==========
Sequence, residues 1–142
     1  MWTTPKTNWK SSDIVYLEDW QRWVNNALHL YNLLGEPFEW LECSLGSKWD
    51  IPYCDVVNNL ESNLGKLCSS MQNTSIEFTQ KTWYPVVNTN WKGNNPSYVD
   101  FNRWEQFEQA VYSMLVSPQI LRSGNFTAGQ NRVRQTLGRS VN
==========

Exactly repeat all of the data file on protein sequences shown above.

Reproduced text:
Sequence, residues 1–142
     1  MWTTPKTNWK SSDIVYLEDW QRWVNNALHL YNLLGEPFEW LECSLGSKWD
    51  IPYCDVVNNL ESNLGKLCSS MQNTSIEFTQ KTWYPVVNTN WKGNNPSYVD
   101  FNRWEQFEQA VYSMLVSPQI LRSGNFTAGQ NRVRQTLGRS VN